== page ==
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  • I love old stuff. I find it fascinating.

    Last night I went into Philly to see the Dead Sea Scrolls, which are on exhibition at the Franklin Institute until Sunday. The Dead Sea Scrolls are the oldest parts of the Bible -- from the Old Testament. They were found in the 1940s in a cave near the Dead Sea and were so well preserved by the hot, dry climate and dark cave. But now that they have been taken out of their resting place, scholars are working on finding the best preservation method for the scrolls.

    I'm spiritual. I'm a practicing Catholic, so having the opportunity to see these artifacts struck me both spiritually and intellectually.

    I'm a cradle Catholic -- which is a label that means I was born into a Catholic family. I've gone to Catholic school for all but two years of my life -- kindergarten and freshman year of college. I learned a lot about the Bible in school.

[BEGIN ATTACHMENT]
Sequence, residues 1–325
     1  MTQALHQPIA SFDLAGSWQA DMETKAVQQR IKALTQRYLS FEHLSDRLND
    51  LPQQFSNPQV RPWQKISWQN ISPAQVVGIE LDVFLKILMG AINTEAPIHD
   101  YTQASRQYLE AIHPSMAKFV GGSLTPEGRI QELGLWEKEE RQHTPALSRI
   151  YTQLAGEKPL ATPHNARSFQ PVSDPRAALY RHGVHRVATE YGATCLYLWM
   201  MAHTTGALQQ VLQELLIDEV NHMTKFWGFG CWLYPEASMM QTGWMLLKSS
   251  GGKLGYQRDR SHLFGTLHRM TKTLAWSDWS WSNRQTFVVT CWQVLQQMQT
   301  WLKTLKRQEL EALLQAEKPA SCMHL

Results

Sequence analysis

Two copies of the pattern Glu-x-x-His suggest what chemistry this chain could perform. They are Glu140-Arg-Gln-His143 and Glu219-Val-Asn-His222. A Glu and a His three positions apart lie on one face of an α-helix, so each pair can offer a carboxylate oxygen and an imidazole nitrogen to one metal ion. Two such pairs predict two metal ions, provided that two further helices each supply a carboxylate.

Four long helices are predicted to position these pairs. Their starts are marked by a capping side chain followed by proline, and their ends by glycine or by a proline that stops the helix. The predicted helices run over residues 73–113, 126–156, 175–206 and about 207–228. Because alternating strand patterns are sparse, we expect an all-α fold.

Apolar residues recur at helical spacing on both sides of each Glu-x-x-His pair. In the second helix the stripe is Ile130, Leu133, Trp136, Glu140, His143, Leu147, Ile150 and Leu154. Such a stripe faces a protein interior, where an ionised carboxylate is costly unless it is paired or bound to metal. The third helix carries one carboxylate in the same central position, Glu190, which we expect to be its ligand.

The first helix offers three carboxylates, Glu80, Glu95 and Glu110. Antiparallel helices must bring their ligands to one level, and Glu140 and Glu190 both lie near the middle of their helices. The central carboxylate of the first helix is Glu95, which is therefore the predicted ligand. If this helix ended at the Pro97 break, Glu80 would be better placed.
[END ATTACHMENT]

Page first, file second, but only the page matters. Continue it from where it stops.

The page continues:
I'm not a fundamentalist in terms of reading the Bible. Last night, I got to see the tiny handwriting on some scrolls and how neat their handwriting looked. I couldn't read the Greek and the Hebrew, only the translations. Liking peering into someone's prayer journal, did they think their writings were important? Did they understand the power of their words as they wrote them? How could they?

    There were a lot of things that struck me last night, but what struck me the most was experiencing something so intimate, personal and close to my heart -- my faith -- in a historical, secular environment. So different from my Catholic education in grade school and high school (college wasn't the same story). But I saw their handwriting, and peered into their homes and felt the thread that strings us together.

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